In Ann Arbor, Obama Releases Plans for College Aid Reform
by Nicole Leonard | Boston University
In the State of the Union Address on Tuesday night, President Obama addressed the critical issues of higher education and student debt before members of Congress and the citizens of the United States.
The President recognized the intense struggle among college students to afford rising tuition, and the difficulty to pay back loans. He even announced that, “Higher education can’t be a luxury -– it is an economic imperative that every family in America should be able to afford.”
On Friday morning, Obama further outlined his plan to reduce college debt and increase student aid at the University of Michigan in Ann Arbor. The President made a point to expand on the proposals from his Tuesday speech.
The Obama administration has put together an agenda that includes increasing the allotted amount for Perkins loans from $1 billion to $8 billion. In addition, the president wishes to set up competition programs at the state and college levels, totaling $1 billion and $55 million, respectively.
The overall goal of the plan is to bring down the cost of higher education and provide incentives for states and colleges to reduce the cost of tuition. It is also important that an effort be made to slow the rising interest rates on student loans.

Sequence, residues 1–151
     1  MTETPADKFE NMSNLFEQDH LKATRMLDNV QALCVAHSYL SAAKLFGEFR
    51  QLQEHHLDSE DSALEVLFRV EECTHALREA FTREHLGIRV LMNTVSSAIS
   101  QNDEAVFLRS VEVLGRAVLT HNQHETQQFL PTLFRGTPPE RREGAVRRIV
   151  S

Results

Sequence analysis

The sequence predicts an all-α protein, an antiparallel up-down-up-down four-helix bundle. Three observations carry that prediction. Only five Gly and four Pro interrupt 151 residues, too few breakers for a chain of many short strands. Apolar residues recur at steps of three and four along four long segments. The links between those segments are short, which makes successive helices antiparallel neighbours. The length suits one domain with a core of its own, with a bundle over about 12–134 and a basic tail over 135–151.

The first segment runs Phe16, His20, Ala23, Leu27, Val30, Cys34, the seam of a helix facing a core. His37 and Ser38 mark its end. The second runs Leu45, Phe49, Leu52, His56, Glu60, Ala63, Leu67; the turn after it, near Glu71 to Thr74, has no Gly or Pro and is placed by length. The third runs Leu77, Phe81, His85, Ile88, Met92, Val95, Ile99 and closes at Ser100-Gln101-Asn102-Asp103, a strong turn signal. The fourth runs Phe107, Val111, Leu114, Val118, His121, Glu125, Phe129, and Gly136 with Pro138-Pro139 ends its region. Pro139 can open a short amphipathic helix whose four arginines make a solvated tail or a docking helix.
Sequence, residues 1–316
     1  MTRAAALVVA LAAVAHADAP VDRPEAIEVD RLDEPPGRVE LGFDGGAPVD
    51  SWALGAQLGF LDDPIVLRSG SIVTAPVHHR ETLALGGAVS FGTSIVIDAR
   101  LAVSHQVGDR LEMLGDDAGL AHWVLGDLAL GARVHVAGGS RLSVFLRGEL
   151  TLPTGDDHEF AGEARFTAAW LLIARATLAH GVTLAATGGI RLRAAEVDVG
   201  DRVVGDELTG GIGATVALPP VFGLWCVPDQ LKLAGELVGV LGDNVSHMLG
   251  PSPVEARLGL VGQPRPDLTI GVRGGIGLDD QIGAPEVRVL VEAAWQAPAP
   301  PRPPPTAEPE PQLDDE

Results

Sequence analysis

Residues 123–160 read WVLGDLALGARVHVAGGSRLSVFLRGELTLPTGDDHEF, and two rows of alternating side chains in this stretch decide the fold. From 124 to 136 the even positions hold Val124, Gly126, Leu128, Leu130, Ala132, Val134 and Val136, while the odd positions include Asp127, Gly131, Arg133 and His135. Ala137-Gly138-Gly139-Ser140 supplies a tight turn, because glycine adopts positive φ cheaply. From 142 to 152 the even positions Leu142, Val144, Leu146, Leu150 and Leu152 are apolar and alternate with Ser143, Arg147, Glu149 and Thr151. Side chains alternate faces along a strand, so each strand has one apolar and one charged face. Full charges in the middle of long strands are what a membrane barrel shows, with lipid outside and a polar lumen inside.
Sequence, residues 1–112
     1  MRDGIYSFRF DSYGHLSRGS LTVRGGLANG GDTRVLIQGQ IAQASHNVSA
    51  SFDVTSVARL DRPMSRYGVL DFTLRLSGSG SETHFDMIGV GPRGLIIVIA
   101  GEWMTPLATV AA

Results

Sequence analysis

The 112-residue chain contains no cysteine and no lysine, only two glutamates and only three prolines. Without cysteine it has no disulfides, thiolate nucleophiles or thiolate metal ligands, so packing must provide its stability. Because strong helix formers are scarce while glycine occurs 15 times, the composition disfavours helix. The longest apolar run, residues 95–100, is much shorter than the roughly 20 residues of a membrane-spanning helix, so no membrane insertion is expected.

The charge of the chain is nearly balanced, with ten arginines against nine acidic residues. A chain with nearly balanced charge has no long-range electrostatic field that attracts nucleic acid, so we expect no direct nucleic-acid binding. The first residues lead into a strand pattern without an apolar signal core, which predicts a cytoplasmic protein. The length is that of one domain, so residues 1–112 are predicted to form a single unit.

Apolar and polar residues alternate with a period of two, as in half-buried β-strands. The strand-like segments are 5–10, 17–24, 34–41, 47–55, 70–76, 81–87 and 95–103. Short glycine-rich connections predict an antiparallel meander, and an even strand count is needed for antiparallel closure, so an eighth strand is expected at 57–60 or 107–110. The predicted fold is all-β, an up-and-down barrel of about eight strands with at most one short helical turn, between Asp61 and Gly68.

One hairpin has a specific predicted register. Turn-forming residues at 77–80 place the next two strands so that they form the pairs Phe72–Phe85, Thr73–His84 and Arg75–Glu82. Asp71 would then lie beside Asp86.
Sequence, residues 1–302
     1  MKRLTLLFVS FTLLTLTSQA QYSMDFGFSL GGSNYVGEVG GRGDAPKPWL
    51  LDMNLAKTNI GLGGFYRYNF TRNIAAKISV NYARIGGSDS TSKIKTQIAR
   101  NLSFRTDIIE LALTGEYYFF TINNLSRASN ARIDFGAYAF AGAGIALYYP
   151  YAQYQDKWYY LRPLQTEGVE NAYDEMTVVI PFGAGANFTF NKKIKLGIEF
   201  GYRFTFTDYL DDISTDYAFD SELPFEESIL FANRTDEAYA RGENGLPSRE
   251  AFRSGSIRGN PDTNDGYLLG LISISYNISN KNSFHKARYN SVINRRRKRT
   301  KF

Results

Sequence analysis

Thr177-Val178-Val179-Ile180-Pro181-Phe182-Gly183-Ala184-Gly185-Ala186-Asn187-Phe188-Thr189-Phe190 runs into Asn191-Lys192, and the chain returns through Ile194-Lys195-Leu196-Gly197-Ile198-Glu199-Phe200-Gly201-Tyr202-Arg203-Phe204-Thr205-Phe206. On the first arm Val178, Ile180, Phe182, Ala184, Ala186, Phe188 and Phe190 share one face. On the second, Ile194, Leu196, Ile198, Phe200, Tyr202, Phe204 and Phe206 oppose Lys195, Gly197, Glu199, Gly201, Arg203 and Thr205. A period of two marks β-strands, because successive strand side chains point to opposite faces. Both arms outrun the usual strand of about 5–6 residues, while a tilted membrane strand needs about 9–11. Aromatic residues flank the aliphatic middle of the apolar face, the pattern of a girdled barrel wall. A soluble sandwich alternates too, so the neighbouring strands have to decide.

One objective of President Obama’s plan is to keep the interest rate on Federal Direct Stafford Loans at its current 3.8%. Stafford loans, which are used by many students in a college or university, usually contain an increase in interest from year to year, and therefore cause students to repay more once they graduate.
Another item the President is keen to implement is a guide for students and families to more easily understand and compare aid from college to college. This would require universities and colleges to put together post-graduate earnings and employment information for families to evaluate future success rates.
While President Obama is eager to develop programs and give more money towards student aid, he recognizes that in order for the financial aid system to improve, cooperation must be established at the state level. As he said in his speech Tuesday, “States also need to do their part, by making higher education a higher priority in their budgets.”
Administration officials claim that the additional money provided for loans, such as the Perkins loan, would not necessitate new taxes. As a result of the new proposal, the approximately 1,700 colleges that offer the Perkins loan would increase to an estimated 4,000.
Among students, proposed changes in requirements for colleges to receive more funds for work-study and Supplemental Education Opportunity Grants seem to be popular. However, doubling work-study jobs and capping interest rates could result in high expenses for the government.
The increase in student aid could also produce some unwanted consequences, like larger class sizes. Questions still remain as to how many facets of the proposal will be executed correctly if Congress decides to pass it.
Over the coming weeks, students will still want to learn more about when the plan will be effective if it passes; if current college students will even be able to reap the benefits of the new financial aid system; and how much of the money proposed will actually be seen in financial aid packages that are awarded in the future.Nicole is a sophomore at Boston University, where she is studying journalism and psychology.